Table 1

Proposed evaluation of women with recurrent miscarriage*

Medical history
Ask about gestational age of miscarriagePre-embryonic and embryonic are the most common type of recurrent miscarriage. The aetiology may differ from cases of losses occurring later.
Assess obstetric historyPoor obstetric outcomes, such as early and late miscarriage, pre-eclampsia, stillbirth and prematurity, are major predictors of subsequent pregnancy risk complications.
Assess history of uterine malformations and cervical incompetencePrevious obstetric complications such as miscarriage, preterm labour or breech presentation may suggest uterine malformation or cervical incompetence.
Assess whether the mother has had a fetus or child with an inherited anomalyCongenital abnormalities raise the possibility of a parental chromosomal abnormality.
Evaluate findings related to APSFeatures include thrombosis, fetal death, pre-eclampsia and other poor obstetric outcomes, livedo reticularis, thrombocytopenia and autoimmune diseases.
Ask whether the patient has a history of thyroid abnormalities, diabetes or polycystic ovary syndromeConsider overt clinical and subclinical forms of hypothyroidism. Do not contemplate cases of subclinical thyroid hyperfunction. Be aware in cases of recurrent miscarriage and TSH ranging from 2.5 to 4.5 IU.
Assess personal or family history of thromboembolic diseasesVenous thromboembolic history, mainly in young people and in uncommon locations, may be related to inherited thrombophilias and/or APS.
Physical examination
Perform pelvic and uterine examinationStandard manual pelvic examination cannot rule out cervical abnormalities.
Look for signs of thyroid diseases, diabetes, obesity and hyperandrogenaemiaComplete physical examination.
Look for signs related to systemic autoimmune diseasesSome skin signs that accompany normal gestation (eg, malar blushing, facial pigmentation, alopecia, hand erythema, telangiectasia or carpal tunnel syndrome) may be difficult to differentiate from those related to systemic or rheumatic diseases.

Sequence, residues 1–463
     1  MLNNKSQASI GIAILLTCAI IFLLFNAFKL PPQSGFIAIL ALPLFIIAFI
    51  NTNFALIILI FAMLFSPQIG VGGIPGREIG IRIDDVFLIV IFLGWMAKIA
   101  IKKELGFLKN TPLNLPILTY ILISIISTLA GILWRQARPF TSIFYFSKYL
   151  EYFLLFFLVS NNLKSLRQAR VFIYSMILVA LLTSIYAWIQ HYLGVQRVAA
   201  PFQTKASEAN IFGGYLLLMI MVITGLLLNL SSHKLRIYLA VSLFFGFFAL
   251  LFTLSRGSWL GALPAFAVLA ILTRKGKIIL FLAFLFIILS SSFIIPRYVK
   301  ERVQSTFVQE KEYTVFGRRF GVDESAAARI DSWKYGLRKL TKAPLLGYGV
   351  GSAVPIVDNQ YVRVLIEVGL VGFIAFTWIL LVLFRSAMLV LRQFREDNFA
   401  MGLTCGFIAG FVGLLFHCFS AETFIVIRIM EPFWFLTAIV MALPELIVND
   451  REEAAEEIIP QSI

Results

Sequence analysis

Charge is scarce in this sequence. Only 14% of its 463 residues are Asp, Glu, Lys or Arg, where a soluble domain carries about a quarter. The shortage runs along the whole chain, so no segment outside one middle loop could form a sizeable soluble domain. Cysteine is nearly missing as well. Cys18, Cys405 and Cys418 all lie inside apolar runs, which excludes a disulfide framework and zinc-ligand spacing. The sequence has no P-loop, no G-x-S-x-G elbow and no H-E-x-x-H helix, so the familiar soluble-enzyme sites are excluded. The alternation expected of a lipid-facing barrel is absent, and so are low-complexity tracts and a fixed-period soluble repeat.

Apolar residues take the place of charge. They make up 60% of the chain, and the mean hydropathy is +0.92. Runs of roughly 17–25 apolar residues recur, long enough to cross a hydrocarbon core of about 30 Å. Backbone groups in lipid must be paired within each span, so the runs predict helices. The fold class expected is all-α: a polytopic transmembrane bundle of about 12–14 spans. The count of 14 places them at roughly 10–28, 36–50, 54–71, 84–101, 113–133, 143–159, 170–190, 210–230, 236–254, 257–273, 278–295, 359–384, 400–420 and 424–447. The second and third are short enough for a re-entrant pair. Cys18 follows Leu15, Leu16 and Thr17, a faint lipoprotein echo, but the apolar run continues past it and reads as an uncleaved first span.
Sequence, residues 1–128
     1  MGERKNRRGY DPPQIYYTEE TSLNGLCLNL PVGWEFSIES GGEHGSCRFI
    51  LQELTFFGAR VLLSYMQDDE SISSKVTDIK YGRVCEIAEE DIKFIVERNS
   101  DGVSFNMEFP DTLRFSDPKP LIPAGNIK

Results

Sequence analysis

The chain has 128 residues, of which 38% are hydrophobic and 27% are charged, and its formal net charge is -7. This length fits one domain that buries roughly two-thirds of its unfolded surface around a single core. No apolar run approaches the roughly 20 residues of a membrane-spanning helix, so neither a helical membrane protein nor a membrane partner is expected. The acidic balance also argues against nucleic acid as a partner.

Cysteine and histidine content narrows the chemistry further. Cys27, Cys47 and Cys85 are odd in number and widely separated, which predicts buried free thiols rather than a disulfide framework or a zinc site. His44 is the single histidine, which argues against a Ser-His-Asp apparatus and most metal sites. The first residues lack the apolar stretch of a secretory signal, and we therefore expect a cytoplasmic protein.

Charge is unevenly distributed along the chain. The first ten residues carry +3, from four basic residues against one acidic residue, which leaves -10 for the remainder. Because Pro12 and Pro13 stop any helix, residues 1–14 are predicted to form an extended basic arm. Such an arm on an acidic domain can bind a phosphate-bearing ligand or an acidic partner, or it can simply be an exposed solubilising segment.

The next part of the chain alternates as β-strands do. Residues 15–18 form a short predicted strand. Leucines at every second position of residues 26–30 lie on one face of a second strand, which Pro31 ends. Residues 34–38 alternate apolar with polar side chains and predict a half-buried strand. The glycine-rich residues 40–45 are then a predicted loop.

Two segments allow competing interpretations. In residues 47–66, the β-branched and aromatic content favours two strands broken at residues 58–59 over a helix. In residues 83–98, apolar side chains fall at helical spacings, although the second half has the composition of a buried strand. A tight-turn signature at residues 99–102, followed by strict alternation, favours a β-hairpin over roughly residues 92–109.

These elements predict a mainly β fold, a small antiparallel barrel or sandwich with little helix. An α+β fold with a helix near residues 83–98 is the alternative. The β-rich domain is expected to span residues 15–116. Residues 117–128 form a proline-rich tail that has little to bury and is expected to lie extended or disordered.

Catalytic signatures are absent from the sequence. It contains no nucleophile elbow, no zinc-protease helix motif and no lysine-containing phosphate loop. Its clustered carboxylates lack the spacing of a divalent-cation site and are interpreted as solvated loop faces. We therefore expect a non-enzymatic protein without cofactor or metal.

Usually recommended test: pros and cons
Sonohysterography and hysterosalpingographyMRI and hysteroscopy are more informative but more expensive and invasive, respectively. Both screening tests are increasingly being used. Transvaginal ultrasound is useful in cases of short or incompetent cervix.
Chromosomal analyses of the coupleParental karyotyping is expensive and does not always provide valuable information. Furthermore, treatment options are limited and do not surpass results of spontaneous conception. Parental karyotyping would be performed in couples with recurrent miscarriage where testing of products of conception shows unbalanced structural chromosomal abnormalities.
Sperm morphologyAlthough frequently recommended, sperm morphology analyses do not appear to be predictive of further miscarriages.
Sperm DNA studiesData regarding the relationship between miscarriages and DNA sperm fragmentation in IVF cycles are contradictory. Routine testing for sperm ploidy (FISH or DNA fragmentation) is not recommended.
Chromosomal analyses of products of conceptionConceptus karyotyping test is a matter of debate. Aneuploid conceptus indicates a favourable outcome of further pregnancy. Mosaicisms may be difficult to evaluate. Abnormalities in conceptus karyotyping would support chromosomal testing in the couple.
Preimplantation genetic screening in IVFThis screening genetic test, using FISH, does not improve the live birth rate and should probably not be recommended.
aPL panel according to Sydney recommendationsLupus anticoagulant test is reported as positive or negative. aCLs are expressed in GPL and MPL units according to a standardised test. Anti-β2GPI antibodies are measured in arbitrary, non-standardised units (AU). Clinical criteria apart, APS is diagnosed when tests at least 12 weeks apart are repeatedly positive. Other aPLs such as antiprothrombin/antiphosphatidylserine or anti-domain I anti-β2GPI antibodies and IgA isotype are not yet considered classification laboratory criteria.
Inherited thrombophilic disordersUncertain value in pre-embryonic and embryonic losses, mainly referring to factor V Leiden. Test should be performed out of pregnancy, especially for protein S levels.
Not recommended laboratory tests
Progesterone levels in previous luteal phase, ‘atypical’ aPLs, anti-Müllerian hormone, anti-paternal cytotoxic antibodies, HLA class I/II screening, cytokine numbering and ratios, NK cells and NK KIRs.Overall, these tests are not systematically recommended. These parameters may be tested only for clinical research reasons in monographic units.
  • *Modified from Alijotas-Reig and Garrido-Gimenez67 and Branch et al.10

  • aCL, anticardiolipin antibody; aPL, antiphospholipid antibody; APS, antiphospholipid syndrome; β2GPI, β2-glycoprotein I; FISH, fluorescent in situ hybridisation; HLA, human leucocyte antigen; IVF, in vitro fertilisation; KIR, killer cell immunoglobulin-like receptor; NK cells, natural killer cells; TSH, thyroid-stimulating hormone.